This well researched article from Harvard Business Review turns what students are taught at Business School on its head, at least to some extent.
It has been accepted in Business School circles for a long time that operational effectiveness – doing the same thing as other companies but doing it better – is not a path to sustainable competitive advantage. Good management is too easy to copy.
Michael Porter articulated the difference between operational excellence and strategic positioning in his 1996 article ˜What is Strategy?
When I attended a lecture by Porter he asked the question “How long does a competitive advantage need to last for before it can be regarded as sustainable?” His view was it had to be more than one economic cycle, a period of about 10 years. He gives examples of companies that have achieved above average returns for a period at least as long as this by adopting strategies different from their competitors, which their competitors were unable to copy. These include IKEA and SouthWest airlines.
SouthWest, for example, focussed on point to point airline flights so was able to use smaller airports which were less crowded. This led to less time on the ground and therefore more flying hours per plane per day. The cost per flying hour was therefore lower. Full service airlines were unable to copy as they needed their short haul flights to fly into busy hub airports so that passengers could transfer between local flights and international flights.
Porter’s work meets the test of good strategic analysis – the successful businesses identified continued to be successful for a significant period. Many people write about what makes a company successful only to find, a year or so later, that the company is much less successful. I remember when I was a young teacher at Business School, when In Search of Excellence was published, only a year later some of the companies identified (Levi Strauss, for example) had fallen from grace.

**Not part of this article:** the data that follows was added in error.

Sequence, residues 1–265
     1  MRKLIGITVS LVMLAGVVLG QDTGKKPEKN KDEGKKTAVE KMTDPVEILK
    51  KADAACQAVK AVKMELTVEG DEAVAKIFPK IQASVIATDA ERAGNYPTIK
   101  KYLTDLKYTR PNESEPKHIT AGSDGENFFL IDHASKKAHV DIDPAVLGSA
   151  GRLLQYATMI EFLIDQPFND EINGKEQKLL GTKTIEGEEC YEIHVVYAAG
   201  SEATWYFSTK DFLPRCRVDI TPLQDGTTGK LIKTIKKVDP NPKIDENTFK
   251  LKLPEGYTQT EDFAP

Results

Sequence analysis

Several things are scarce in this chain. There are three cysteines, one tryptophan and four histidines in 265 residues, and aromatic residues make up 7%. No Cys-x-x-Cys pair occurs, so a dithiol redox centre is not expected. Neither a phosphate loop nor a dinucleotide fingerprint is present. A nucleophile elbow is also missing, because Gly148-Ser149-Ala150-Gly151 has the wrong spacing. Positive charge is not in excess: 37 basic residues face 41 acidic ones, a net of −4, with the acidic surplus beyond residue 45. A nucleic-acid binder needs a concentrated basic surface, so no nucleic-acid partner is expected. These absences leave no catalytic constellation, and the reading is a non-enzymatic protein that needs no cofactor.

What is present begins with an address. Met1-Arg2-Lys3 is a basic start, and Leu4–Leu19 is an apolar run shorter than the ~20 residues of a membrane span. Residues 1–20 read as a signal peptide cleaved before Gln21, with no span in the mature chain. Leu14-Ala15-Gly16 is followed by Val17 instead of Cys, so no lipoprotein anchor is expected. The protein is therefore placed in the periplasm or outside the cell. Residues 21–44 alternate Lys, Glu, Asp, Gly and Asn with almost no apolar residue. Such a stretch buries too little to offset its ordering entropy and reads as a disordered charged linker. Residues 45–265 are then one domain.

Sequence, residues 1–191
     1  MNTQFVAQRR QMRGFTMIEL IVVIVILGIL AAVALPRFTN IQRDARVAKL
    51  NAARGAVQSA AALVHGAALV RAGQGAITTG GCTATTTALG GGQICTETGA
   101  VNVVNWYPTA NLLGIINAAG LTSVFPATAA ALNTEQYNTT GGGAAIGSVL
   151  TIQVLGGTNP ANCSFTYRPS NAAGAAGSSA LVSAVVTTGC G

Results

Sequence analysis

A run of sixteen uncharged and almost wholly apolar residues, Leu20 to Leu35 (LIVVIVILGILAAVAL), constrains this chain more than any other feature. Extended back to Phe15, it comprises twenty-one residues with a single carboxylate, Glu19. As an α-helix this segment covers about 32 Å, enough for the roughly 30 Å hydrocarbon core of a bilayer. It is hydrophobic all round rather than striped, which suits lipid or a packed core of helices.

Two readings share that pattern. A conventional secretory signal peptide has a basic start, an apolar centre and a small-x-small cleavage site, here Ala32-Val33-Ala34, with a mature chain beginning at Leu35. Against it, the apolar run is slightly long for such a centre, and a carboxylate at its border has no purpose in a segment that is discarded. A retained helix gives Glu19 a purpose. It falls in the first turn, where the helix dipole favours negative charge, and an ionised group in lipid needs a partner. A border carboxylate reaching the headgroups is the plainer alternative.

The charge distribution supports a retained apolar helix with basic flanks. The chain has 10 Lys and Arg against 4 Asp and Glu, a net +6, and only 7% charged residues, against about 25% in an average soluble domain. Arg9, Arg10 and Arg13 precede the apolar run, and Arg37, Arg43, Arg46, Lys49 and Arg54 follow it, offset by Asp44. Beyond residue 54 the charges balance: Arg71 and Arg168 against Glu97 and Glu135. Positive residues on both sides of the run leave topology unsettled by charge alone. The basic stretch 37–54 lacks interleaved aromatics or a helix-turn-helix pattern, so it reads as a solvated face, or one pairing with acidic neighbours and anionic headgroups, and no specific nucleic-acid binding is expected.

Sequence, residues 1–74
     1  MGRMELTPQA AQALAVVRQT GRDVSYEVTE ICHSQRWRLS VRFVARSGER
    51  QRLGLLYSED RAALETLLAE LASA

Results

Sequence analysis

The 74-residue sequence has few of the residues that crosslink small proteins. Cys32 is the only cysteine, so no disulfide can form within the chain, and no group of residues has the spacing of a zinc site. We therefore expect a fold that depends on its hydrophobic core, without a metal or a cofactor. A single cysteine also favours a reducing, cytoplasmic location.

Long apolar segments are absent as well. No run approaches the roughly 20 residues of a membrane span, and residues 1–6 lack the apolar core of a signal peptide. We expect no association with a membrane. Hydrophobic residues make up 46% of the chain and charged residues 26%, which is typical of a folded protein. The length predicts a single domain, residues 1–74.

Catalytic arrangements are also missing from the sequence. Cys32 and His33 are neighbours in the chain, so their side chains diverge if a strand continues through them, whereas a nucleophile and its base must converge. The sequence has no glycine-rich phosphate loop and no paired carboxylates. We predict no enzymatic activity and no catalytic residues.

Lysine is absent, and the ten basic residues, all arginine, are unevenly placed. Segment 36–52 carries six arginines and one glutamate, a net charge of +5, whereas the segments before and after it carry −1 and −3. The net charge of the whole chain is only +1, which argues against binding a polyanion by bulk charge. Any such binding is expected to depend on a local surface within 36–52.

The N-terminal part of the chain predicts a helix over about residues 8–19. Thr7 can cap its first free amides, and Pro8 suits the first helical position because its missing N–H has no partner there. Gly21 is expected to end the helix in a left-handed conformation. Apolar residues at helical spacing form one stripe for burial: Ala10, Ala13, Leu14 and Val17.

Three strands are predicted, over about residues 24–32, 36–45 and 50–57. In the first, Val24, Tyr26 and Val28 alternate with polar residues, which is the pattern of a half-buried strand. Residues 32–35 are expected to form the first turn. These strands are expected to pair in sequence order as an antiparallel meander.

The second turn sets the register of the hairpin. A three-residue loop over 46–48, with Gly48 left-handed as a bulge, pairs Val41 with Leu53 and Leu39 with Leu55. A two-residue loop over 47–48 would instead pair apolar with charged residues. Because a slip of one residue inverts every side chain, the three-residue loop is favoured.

However, at MTP we have long held the view that is possible to achieve a sustainable competitive advantage through operational excellence. Two examples of companies who have done this are Toyota and Singapore Airlines. Both have achieved above average returns in their industries by doing essentially the same thing as their competitors but doing it better. Every book on manufacturing that I have read explains how total quality management (or the Toyota manufacturing system) results in a combination of higher quality and lower cost. It wasnt a secret. It was competitors’ inability to copy the operational excellence which was missing.
This new article goes some way to explaining how this can happen. The authors argue that achieving managerial competence takes effort and requires sizeable investment. Their view is based on the results of a significant amount of research. They conducted more than 20,000 interviews and surveyed companies in four sectors: Manufacturing, health care, retail and higher education.
The results showed significant differences in scores for management quality between countries but there were also major differences between companies within countries. One finding that may be surprising is that differences show up within companies. This is particulaly true in large companies where practices can differ across plants, divisions and regions.
There is also a bias in managers perceptions of how well their firms were run. On a scale of 1 to 10 the average self-assessment score was 7. This is similar to results in other areas. 70% of students, 80% of drivers and 90% of university teachers rate themselves as ˜above average”. More worryingly, perhaps, there was zero correlation between perceived management quality and actual quality.
This is a much needed article arguing that operational excellence is not easy to achieve and deserves more attention than it has received in recent years.